For Jaap van Zweden, Talent Is a Spartan Curse
The Dutch musician is the Music Director of the Hong Kong Philharmonic Orchestra and the Dallas Symphony Orchestra.
I was born in a very low-key neighborhood. Not very poor, but quite poor. From the first day I held a violin in my hands, I knew I was going to be a musician. I was 7. The hardest thing in life is to become who you are. To find that out, you have to try a lot of things. If you want to become a musician, you have to choose an instrument. But I’ve always had the feeling that the instrument chose me. My first performance was in Amsterdam. I was 9 years old. It was wonderful.
I felt very at home on stage—which I still do. That’s my home. It doesn’t matter where my stage is. I left Amsterdam when I was 16 to go to New York. Too early, actually. I studied there for three years, and had a very tough time. I was very lonely for the first year. My parents had no money to visit me, so I was alone. The second year was much better—I made a lot of friends who are still friends now. Then I became the concertmaster for the Royal Concertgebouw Orchestra. So you cannot say I had a long youth.
It was Leonard Bernstein who told me I should conduct. He pushed me into it, and after a few years I started to like it. He’s my big inspiration. If I were to play a violin now, I would hate myself for not being in shape. It’s not that difficult to be a very good conductor, or even a great conductor. But it is very difficult to be a good father to the orchestra. Twenty years in an orchestra helped me a lot. When I talk to them I know what it’s like because I was on the other side.
What do I love about conducting? It is not a feeling of power, but it is a powerful feeling. When I conduct, I am a part of a very powerful movement, a hundred people doing something together, making something. Being part of that—and leading that—is a glorious feeling. I love this orchestra. I’m very proud of them. When I started here, I said I wanted this orchestra to be at the highest level, and it is there. I’m really happy with that. The thing is, being at the highest level is a responsibility. You have to stay there. It’s like a muscle. You have to train the muscle again, again and again.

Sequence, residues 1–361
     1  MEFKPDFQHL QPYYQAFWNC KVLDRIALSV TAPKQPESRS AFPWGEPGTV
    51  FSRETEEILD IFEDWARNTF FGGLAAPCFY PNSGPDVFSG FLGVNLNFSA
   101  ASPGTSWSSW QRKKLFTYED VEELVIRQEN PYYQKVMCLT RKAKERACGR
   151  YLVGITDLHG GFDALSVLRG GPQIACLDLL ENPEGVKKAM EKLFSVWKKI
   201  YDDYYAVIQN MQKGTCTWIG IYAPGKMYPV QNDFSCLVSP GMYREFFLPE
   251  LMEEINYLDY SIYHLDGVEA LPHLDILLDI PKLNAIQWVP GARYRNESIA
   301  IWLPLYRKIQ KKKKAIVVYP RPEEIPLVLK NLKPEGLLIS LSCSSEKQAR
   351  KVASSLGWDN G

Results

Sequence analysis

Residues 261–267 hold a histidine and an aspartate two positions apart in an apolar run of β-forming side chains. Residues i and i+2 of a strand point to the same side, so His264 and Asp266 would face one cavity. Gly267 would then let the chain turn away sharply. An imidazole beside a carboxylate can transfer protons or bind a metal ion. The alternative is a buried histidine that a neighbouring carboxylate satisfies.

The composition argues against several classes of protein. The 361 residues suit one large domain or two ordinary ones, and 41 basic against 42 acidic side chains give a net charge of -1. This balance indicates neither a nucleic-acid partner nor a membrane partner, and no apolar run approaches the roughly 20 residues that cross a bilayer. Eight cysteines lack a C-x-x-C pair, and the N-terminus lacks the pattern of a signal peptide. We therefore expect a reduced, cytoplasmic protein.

Parents are very smart in Hong Kong because they understand that learning music is food for the soul. We can go to 120,000 restaurants, but still we don’t feed our souls. With music, we do. Parents also understand that being in touch with an instrument and being in touch with music makes you a better pupil at school. The problem for parents is this: If you don’t push, you did it wrong. If you push too much, you also did it wrong. The more talent a child has, the more strict you have to be with the child.
Talent deserves a very Spartan life. If you are a big talent, then the strictness comes too—you have an obligation to your talent. It is also a talent to work hard. Everybody can quit, that’s easy. But if you don’t quit, you run into problems. Whatever it is that you do, you will keep running into problems until your last day on earth.
I’ve never thought about quitting music. That would mean I would quit living. Sometimes I think of when I will stop conducting. There is a moment in your life when it’s time to sit down and not run around, not work all year. To sit down and have my children and my grandchildren around me by an open fire. It plays in my head and I think, “That would be nice.” But then I hear my next Beethoven concerto and I think, “Oh, let’s go!”
I won’t be the conductor who’s 85 and still on stage. There will be a moment when I will stop. What will I do then? Play piano. I want to learn all the Bach suites on piano. I want to play Bach, because Bach is the composer who cleanses your soul. He is the composer who will forgive you for whatever you did. Then you can forgive yourself.If you do what you love, everything will come one way or another.
A version of this article appears in the December 11, 2015 issue of HK Magazine as First Person.